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Cyber Intelligence Briefing: 26 August 2022

Miles Arkwright, James Tytler 26 August 2022
26 August 2022    Miles Arkwright, James Tytler

INVESTING IN CYBER RESILIENCE: SPEND, STRATEGY, AND THE SEARCH FOR VALUE

Today's fast-changing threat landscape puts increased pressure on companies to make the right investment choices and improve their cyber resilience. For this report, S-RM surveyed 600 senior leaders and IT decision makers to discover which cyber investment areas provide the best value for money and what savings result from investing in cyber security.

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The S-RM Cyber Intelligence Briefing is a weekly round-up of the latest cyber security news, trends, and indicators, curated by our intelligence specialists.


top NEWS stories this week

  1. Apple’s zero-day vulnerabilities. Two Apple zero-day vulnerabilities require your attention.
  2. LockBit bitten. Ransomware group’s data leak sites taken offline in alleged retaliatory DDoS attack.
  3. New cyber insurance coverage cuts. Lloyd’s of London set to exclude nation-state cyber attacks from insurance protections.
  4. Donut Leaks. Emergence of ransomware group raises questions about possession of victim data.
  5. Ransomware attack on French hospital. Disruption in operations forces hospital to refer patients elsewhere.
  6. Twitter whistle blower. Twitter’s former security chief reveals deficiencies in security measures.

1. APPLE’S ZERO-DAY VULNERABILITIES 

Last week, Apple disclosed that it had uncovered two zero-day vulnerabilities affecting its iOS, iPadOS, and macOS Monterey platforms. Both vulnerabilities, if exploited, could allow a remote attacker to execute arbitrary code on the device, effectively granting complete control of said device. Apple has released emergency security updates for both vulnerabilities.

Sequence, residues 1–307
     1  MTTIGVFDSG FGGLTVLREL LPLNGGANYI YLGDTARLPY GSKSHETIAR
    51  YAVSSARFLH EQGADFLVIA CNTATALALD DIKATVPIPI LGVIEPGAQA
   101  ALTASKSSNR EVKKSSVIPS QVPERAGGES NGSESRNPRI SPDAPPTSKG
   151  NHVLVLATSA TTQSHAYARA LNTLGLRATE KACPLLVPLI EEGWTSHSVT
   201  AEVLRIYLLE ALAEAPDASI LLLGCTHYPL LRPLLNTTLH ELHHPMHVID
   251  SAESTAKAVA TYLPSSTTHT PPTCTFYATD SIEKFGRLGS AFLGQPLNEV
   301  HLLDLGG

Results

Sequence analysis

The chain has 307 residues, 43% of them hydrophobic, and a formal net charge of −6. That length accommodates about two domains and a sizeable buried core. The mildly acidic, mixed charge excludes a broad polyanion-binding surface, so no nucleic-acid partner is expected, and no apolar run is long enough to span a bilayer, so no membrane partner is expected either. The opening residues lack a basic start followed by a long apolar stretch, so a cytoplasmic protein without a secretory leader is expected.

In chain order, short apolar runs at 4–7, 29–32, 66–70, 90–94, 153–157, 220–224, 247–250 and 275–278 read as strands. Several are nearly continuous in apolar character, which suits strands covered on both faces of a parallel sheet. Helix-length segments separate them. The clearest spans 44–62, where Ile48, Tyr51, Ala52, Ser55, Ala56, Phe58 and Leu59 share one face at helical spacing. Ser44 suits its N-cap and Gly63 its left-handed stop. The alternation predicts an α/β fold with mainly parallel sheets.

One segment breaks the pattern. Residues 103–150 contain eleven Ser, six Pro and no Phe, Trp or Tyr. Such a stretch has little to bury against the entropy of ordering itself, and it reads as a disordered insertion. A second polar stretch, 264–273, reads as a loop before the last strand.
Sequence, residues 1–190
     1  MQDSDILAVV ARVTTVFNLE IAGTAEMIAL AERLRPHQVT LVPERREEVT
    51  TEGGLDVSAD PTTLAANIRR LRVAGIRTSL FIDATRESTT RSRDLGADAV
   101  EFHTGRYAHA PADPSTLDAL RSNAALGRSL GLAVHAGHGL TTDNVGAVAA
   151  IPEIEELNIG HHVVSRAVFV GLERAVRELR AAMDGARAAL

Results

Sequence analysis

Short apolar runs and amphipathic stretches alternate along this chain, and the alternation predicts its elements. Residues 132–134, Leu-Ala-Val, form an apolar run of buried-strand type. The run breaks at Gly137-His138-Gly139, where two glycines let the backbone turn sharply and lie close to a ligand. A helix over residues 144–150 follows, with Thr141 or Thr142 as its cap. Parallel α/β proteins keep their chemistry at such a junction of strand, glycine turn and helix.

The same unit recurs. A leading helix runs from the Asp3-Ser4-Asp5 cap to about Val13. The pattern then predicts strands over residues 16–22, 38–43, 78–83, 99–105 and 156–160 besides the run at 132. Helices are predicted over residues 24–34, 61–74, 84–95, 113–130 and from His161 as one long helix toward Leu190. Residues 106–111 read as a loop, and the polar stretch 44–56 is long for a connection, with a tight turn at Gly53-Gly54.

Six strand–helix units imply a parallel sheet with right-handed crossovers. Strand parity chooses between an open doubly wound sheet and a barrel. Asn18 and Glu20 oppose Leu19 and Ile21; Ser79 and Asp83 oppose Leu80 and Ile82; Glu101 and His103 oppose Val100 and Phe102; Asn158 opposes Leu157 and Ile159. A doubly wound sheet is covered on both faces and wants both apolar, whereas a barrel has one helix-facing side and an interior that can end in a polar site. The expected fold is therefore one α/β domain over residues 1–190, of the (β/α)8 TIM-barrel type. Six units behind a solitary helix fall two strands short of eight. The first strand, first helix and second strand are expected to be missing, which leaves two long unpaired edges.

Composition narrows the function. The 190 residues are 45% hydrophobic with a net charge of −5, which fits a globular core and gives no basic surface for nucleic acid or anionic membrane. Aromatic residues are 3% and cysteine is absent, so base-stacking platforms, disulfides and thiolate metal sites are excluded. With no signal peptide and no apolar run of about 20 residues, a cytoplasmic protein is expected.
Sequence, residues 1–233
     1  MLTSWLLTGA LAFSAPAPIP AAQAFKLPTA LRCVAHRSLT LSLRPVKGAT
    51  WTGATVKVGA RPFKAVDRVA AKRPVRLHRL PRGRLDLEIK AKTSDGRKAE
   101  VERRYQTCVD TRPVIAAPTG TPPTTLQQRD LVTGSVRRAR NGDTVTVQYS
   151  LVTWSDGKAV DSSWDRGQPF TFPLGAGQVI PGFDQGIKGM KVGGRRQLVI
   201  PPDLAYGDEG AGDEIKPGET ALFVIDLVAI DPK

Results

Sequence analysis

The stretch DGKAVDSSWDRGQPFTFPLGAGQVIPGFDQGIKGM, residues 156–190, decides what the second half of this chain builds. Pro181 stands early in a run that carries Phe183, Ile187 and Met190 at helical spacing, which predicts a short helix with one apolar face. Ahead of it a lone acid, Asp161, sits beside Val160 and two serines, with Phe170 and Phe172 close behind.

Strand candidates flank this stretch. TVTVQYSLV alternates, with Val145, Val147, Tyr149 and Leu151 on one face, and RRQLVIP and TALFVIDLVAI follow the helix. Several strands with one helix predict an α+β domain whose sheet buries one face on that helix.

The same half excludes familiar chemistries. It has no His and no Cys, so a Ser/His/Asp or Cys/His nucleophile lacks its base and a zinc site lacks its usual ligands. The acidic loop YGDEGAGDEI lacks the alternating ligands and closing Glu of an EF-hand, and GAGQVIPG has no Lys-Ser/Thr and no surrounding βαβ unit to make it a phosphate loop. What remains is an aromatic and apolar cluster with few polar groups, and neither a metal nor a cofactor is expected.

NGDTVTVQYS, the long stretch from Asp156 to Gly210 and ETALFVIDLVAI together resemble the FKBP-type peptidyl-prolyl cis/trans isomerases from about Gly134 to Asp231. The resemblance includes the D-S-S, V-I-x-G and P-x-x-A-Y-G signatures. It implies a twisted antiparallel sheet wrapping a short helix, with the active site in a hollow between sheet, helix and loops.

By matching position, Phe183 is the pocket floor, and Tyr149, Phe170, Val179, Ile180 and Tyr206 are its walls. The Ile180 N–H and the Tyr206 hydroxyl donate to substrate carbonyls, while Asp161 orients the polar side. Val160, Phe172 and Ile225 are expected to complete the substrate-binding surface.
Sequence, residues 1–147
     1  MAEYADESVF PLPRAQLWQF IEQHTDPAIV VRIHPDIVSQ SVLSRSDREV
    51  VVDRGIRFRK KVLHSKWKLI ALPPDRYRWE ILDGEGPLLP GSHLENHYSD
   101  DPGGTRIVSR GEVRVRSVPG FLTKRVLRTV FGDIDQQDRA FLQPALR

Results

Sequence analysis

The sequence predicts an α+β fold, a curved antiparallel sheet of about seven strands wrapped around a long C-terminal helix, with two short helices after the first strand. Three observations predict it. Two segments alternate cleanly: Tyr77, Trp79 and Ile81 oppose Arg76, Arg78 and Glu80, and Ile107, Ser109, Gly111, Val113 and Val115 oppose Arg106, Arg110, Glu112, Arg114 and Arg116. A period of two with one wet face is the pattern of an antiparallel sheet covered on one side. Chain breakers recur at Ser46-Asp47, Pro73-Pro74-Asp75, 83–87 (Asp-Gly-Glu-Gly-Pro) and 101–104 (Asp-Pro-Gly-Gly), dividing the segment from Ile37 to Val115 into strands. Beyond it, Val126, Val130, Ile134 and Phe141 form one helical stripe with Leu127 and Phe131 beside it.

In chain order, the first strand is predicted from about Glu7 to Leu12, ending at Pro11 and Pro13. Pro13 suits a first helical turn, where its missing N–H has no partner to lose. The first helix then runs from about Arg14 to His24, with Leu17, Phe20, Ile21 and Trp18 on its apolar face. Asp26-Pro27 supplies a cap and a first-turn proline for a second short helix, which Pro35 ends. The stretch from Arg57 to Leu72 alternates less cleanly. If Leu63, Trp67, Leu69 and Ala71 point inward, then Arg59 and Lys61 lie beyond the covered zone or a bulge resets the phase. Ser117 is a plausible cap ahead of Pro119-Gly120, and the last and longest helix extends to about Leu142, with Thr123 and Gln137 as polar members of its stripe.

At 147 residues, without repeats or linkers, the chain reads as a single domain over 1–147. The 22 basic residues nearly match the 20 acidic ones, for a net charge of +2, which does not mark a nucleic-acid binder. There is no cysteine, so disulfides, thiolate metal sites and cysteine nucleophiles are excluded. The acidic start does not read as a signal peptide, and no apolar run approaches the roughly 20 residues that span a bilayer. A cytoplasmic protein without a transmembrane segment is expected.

SO WHAT?

This announcement by Apple is a pertinent reminder to update your devices regularly so as not to miss critical security patches.

 

 

2. LOCKBIT HIT BY ALLEGED RETALIATORY DDOS ATTACK  

Earlier this week, a distributed denial of service (DDoS) attack took the dark web leak sites of the prolific ransomware group LockBit offline. LockBit has blamed the attack on Entrust, a US-based cyber security company that LockBit targeted in June 2022. As of last week, LockBit has been leaking Entrust's data.

Entrust has declined to comment on LockBit’s allegations.

 

SO WHAT?

We may never know for sure who was behind the attack on LockBit, but it did successfully disrupt the group’s operations. If it was carried out by a victim this would be an unprecedented development.

 

 

3. LLOYD’S TO END INSURANCE COVERAGE FOR NATION-STATE CYBER ATTACKS     

The global insurance market Lloyd’s of London will exclude state-backed cyber attacks linked to war or catastrophic damages from insurance coverage, starting in 2023. This comes amid concerns about the proliferation and rising costs associated with nation-state cyber attacks.